MPP NEWS September 2013 - IMPACT

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mpp ! T C A P M I news no. 1 / september 2013 / vol. 16


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Lotte Jensen: Editorial Pernille Steen Pedersen: The Impact of Recognition in Workplaces Rikke Kristine Pedersen: Pracademic Impact Factor Steffen Normann Hansen: Trust in Control Niels Thygesen: Multiplying Effects by Dissemination New Books by MPP Faculty Martin Jes Iversen: Engaged Business Education Stefan Meisiek: Studio Stories Anders la Cour: When the State Plays Matchmaker Cecilie Bjørn: Impressions from Being a Research Object Jesper Bjørn & Anje Schmidt: Meet MPP’s new Boss

Colofon mpp news / september 2013 / issn: 1904-5476 Publisher: Department of Management, Politics and Philosophy Copenhagen Business School, Porcelænshaven 18B, DK-2000 Frederiksberg Editors & Layout: Anje Schmidt & Jesper Bjørn / / +45 3815 3636 Photos: Bjarke MacCarthy, Mike Nybroe, Lolland Kommune logo, Solar A/S, and more


Editorial: Impact on Society By Lotte Jensen, Head of Department

lotte jensen / +45 3815 3650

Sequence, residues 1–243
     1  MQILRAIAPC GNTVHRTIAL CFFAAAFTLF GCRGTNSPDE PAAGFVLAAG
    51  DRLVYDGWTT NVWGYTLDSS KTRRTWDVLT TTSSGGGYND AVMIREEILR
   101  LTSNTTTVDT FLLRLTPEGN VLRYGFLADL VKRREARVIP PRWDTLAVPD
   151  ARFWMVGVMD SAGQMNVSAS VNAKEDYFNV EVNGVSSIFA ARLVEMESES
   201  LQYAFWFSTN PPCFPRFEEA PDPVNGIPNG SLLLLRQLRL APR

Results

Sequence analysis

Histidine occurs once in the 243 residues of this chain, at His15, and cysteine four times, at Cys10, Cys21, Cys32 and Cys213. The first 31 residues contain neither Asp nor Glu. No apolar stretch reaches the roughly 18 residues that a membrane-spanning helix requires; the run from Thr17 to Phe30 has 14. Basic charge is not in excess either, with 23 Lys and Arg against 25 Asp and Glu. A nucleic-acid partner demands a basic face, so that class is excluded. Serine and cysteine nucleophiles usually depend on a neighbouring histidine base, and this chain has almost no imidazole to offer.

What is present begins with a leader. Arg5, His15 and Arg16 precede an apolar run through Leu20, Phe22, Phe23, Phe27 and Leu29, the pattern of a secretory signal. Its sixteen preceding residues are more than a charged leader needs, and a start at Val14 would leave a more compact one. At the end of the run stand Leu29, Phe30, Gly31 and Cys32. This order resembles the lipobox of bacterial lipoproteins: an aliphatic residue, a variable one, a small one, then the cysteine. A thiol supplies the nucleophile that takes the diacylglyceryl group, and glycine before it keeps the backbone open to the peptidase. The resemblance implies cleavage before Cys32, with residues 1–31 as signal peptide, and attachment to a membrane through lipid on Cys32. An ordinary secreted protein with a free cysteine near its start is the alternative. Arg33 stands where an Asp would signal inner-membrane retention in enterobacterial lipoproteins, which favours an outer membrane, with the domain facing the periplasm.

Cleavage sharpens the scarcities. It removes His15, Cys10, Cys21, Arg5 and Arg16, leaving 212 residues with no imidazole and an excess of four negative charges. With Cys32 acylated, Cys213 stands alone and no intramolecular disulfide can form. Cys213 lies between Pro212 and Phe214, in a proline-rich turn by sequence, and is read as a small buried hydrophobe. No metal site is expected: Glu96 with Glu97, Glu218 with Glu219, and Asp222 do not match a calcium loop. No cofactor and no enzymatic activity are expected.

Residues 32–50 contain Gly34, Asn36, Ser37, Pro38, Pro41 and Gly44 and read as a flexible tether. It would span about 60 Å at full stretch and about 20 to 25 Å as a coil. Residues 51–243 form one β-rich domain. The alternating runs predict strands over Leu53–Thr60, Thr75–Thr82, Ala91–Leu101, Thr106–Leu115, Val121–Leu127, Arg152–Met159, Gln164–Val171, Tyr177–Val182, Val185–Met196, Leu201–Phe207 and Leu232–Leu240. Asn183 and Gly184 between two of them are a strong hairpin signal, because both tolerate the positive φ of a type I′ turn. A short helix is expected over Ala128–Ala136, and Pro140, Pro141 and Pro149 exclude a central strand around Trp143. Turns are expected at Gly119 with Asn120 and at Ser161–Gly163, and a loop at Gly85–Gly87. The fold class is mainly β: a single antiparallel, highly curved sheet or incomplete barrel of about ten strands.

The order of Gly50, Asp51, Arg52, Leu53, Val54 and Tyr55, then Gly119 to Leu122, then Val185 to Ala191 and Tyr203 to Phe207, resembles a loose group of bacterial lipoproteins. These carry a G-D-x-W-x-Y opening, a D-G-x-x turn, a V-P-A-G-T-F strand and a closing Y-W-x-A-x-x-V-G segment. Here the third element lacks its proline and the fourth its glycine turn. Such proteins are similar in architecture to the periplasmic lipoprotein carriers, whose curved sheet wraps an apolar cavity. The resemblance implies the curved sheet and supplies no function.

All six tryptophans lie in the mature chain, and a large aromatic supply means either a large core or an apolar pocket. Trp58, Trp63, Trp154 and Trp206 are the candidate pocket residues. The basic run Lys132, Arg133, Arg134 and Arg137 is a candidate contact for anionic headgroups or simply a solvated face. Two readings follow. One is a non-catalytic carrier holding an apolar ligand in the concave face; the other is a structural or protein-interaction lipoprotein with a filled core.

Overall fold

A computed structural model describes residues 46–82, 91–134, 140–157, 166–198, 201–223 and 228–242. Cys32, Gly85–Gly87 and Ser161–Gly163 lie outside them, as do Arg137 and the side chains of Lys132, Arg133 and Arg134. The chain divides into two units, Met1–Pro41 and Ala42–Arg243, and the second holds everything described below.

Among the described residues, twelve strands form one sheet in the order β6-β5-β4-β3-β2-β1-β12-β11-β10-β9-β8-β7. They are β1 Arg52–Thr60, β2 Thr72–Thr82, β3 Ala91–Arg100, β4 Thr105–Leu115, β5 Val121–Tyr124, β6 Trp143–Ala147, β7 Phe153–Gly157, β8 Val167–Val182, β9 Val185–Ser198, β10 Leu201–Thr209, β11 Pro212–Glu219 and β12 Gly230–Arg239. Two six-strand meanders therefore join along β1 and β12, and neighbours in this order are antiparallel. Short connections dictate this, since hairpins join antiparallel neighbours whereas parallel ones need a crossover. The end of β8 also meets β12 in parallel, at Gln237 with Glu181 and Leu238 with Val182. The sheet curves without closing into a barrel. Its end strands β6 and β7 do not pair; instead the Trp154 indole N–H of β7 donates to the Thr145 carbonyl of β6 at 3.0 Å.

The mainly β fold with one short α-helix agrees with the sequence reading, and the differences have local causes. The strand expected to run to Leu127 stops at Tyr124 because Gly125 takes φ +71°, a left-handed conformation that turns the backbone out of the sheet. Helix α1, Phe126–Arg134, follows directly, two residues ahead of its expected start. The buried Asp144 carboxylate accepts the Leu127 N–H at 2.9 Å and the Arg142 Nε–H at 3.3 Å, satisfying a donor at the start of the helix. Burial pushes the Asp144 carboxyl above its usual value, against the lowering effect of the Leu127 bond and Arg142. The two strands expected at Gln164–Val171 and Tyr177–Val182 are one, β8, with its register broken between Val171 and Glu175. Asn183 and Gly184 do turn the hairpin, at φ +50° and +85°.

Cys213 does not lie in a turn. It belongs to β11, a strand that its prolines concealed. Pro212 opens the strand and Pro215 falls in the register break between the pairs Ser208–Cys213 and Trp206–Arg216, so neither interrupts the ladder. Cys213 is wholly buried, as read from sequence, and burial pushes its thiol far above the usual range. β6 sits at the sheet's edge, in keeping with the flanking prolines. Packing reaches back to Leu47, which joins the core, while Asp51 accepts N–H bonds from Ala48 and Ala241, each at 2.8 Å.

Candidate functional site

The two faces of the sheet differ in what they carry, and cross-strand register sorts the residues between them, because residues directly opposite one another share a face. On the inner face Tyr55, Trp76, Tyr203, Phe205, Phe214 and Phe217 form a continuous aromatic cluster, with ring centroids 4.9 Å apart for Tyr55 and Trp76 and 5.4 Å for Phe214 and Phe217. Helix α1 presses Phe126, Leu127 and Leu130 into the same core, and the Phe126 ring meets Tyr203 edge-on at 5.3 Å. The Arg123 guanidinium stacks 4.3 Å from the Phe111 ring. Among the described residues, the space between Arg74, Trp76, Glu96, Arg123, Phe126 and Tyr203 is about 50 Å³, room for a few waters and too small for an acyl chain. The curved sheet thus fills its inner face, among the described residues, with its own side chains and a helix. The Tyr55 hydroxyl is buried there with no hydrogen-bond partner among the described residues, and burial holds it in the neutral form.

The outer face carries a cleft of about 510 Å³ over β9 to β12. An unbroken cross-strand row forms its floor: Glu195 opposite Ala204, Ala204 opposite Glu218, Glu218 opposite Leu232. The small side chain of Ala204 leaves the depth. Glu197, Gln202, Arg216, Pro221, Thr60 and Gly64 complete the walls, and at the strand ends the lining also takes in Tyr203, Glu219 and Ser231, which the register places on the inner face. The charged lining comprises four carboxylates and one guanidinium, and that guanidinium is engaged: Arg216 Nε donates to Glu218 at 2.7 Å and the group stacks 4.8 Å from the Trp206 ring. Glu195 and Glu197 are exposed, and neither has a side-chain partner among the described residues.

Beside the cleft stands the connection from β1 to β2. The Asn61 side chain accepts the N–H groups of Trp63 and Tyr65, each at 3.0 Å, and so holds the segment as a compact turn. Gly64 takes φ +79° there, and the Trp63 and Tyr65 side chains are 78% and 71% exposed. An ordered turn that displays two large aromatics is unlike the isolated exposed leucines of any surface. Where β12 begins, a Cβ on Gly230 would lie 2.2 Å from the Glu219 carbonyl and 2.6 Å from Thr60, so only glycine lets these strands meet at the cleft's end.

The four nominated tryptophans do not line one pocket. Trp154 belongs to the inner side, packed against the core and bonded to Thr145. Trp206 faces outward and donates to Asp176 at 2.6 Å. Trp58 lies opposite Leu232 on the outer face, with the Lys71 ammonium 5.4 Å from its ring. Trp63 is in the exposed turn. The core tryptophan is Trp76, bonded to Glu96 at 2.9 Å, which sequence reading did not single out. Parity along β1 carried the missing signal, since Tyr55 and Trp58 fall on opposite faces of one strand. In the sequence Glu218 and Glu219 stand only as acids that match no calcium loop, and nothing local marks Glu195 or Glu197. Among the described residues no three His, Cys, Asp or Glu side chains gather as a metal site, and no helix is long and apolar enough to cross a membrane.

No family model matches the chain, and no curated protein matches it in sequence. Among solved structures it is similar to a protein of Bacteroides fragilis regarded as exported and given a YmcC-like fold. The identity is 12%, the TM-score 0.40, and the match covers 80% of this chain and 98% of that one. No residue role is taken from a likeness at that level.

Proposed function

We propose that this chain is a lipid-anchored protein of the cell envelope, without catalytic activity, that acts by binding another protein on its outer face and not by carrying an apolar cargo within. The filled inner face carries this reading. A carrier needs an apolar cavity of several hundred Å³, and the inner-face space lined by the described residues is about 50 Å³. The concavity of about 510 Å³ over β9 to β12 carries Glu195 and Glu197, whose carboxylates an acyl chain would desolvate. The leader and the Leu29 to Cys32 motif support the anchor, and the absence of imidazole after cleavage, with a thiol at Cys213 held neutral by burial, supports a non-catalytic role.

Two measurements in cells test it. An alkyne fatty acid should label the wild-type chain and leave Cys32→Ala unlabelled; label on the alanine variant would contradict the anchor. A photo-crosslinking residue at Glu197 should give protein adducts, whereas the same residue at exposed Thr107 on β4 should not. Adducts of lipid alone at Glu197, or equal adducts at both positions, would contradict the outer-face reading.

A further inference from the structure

Industrial PhD Pernille Steen Pedersen who is doing her project in collaboration with PPClinic - a private clinic that deals with mental and stress related issues. Here Supervisor and Director of the clinic, Medical Specialist dr. med. Jesper Karle participates in a dialogue with Pernille that illustrates how asking the right questions can change one’s initial perception of a problem. Another Industrial PhD Rikke Kristine Nielsen explains by example how industrial PhD’s creates value for the large Danish wholesaler Solar. Solar’s PhD supervisor Strategic HR Manager Claus Sejr explains how industrial PhD’s gives unique insights into complex problématique so that the company can make more evidence based and sustainable decisions. Steffen Normann Hansen, Director at the Danish Tax Authorities (SKAT) is participating with Associate Professor Niels Thygesen in the Trust Academy. The Academy explores the concept of trust as a form of control, and Niels Thygesen argues that impact should not be seen as dissemination, but is a matter of multiplying.